Christopher Hogarth, Ph.D. 2005, is an Assistant Professor of Comparative Literature at Wagner College, Staten Island. He specializes in comparative and post-colonial literature (especially French, Italian and Senegalese). His dissertation compared Senegalese writing in French and Italian. He also has a strong interest in autobiography. He has published articles on Senegalese literature and on authors such as Ken Bugul and Fatou Diome. He edited Gender and Displacement: 'Home' in Contemporary Francophone Women's Autobiography with Natalie Edwards. He is currently completing a book entitled Maladies of Migration in the Senegalese Novel. He has presented papers at a variety or symposia, including in Egypt, Australia, New Zealand, Morocco, the Netherlands, Canada, Italy and the USA. At Wagner College, he teaches courses in World Literature, Postcolonial Literature, Literary Theory and Comparative Literature.
Kristy Clark Koth
Kristy Clark Koth completed her dissertation, "The Subversive Power of Transvestism in the Theater of Sand, Genet and Benmussa" in 2000 and published an article on Jean Genet in the Dictionary of Literary Biography, 321: Twentieth-Century French Dramatists (2006): 161-174. She currently lives in Munich, Germany where she is co-owner of the publishing house Edition bi:libri, a small company specializing in bilingual and multilingual children's books. Although her work covers all aspects of the publishing business, her principle duties include selecting and editing manuscripts for publication, coordinating the translations of the manuscripts into 7 languages (English, French, Greek, Italian, Russian, Spanish and Turkish), developing pedagogical standards and pedagogical support material for Kindergarten and grade schools who use the bi:libri books and coordinating the audio recordings of native speakers for the CDs which sometimes accompany the books. She is also the mother of two bilingual children, who could have used her books when they were younger!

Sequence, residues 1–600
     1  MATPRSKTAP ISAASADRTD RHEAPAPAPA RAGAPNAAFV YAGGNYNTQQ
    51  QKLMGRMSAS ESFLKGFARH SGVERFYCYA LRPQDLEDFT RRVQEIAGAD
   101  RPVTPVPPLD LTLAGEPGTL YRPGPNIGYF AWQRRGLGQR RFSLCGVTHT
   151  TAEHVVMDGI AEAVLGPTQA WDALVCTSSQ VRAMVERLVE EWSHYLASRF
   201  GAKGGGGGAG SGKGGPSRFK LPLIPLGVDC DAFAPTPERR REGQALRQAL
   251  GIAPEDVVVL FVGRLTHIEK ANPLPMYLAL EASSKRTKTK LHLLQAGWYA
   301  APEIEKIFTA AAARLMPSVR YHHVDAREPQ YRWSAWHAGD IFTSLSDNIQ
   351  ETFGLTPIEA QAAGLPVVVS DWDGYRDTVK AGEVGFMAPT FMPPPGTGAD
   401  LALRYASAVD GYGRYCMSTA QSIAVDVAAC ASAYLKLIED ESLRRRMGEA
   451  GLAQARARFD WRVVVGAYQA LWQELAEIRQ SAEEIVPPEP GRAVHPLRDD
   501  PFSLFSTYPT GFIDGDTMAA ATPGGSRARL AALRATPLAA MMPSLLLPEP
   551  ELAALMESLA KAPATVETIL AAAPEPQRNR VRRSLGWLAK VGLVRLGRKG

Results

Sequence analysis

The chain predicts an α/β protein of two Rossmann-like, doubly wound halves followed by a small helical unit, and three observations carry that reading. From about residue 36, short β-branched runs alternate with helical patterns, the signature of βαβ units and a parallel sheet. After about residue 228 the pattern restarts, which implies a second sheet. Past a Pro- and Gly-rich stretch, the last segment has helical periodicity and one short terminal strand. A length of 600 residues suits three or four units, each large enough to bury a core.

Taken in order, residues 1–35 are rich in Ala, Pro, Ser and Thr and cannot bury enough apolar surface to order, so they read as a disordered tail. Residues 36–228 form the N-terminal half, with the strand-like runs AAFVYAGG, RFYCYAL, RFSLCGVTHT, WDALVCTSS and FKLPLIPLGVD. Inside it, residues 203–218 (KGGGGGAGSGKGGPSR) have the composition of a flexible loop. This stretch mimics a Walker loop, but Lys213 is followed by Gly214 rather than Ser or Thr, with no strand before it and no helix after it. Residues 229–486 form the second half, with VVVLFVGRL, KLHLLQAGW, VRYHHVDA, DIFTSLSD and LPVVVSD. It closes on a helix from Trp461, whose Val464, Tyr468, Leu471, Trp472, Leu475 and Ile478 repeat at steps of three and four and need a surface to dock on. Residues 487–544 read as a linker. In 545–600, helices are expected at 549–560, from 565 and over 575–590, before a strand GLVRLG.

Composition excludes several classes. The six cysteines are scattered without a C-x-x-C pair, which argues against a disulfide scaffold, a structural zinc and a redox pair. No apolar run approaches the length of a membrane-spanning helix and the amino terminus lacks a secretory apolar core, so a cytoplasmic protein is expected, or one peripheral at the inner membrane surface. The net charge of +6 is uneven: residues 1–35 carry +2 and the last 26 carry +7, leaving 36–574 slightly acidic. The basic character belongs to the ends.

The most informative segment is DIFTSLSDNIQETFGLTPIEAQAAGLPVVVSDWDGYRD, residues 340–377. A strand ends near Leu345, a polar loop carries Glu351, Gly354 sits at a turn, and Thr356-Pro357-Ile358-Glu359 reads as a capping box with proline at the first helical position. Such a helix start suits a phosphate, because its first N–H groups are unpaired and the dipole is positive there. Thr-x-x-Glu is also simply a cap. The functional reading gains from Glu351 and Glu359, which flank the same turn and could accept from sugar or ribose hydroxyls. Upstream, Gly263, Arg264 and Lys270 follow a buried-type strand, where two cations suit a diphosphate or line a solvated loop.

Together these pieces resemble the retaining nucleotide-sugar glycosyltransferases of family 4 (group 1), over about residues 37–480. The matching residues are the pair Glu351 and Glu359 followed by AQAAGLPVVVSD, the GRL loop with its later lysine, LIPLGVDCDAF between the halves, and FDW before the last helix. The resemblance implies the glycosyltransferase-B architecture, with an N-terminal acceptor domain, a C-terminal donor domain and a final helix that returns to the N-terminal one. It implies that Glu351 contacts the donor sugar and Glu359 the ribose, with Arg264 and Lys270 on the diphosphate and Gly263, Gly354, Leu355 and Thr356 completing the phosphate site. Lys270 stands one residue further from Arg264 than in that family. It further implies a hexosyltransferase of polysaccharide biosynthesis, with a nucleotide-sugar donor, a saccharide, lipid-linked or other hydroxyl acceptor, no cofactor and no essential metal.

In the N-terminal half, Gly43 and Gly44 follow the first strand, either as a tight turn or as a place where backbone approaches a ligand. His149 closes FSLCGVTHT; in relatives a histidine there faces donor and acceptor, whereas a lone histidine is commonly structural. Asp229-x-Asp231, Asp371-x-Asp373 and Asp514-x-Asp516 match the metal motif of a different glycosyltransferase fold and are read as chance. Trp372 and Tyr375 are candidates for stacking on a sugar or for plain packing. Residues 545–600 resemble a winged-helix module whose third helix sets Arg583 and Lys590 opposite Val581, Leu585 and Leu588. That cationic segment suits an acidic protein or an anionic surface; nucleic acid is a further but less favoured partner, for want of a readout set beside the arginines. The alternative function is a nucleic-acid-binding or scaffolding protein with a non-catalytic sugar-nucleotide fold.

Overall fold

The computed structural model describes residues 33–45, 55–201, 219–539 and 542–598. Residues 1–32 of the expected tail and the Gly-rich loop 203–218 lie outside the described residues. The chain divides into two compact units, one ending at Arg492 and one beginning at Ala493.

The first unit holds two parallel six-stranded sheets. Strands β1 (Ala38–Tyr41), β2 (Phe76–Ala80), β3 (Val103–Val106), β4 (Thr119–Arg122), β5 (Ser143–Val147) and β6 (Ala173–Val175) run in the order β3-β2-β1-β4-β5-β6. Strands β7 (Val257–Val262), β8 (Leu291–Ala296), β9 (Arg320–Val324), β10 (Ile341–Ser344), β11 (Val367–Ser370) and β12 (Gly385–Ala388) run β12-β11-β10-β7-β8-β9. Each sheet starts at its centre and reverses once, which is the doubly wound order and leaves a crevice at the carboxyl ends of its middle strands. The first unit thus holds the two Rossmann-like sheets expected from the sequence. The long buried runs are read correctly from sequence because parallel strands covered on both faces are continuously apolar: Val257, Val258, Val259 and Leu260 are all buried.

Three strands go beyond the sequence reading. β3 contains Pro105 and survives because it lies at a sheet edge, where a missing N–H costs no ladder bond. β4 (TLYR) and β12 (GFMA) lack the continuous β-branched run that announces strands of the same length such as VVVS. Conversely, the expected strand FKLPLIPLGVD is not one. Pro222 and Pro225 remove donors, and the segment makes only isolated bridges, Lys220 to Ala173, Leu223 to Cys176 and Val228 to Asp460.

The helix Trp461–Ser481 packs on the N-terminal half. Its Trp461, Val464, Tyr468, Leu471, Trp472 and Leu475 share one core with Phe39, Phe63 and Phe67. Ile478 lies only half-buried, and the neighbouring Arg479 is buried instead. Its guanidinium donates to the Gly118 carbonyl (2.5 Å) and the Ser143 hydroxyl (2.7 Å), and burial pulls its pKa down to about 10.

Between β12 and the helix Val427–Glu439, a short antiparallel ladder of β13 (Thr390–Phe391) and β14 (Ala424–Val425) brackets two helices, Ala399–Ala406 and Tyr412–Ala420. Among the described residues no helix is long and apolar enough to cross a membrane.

Dominique Licops, Ph.D. 2002, is Senior Lecturer in French at Northwestern. She has a Licence in Germanic Philology from Université Catholique de Louvain-La-Neuve (Belgium), an M.A. in Literature from Commonwealth Countries from Leeds University (UK), a PhD. in Comparative Literary Studies from Northwestern University, and a graduate certificate in Gender Studies, also from Northwestern University. Her dissertation is a study of metaphors of identity in Caribbean Francophone and Anglophone Literature. She has published articles on issues of identity and its representation in images and metaphors, and on the work of Aimé Césaire, Maryse Condé, Gisèle Pineau, Assia Djebar, Brigitte Roüan in journals such as Thamyris and Women's Studies Quarterly. Dominique is currently teaching a wide range of courses in the French department and for the School of Continuing Studies, and occasionally for the Gender Studies Program. She is also currently the Director of Undergraduate Studies for French.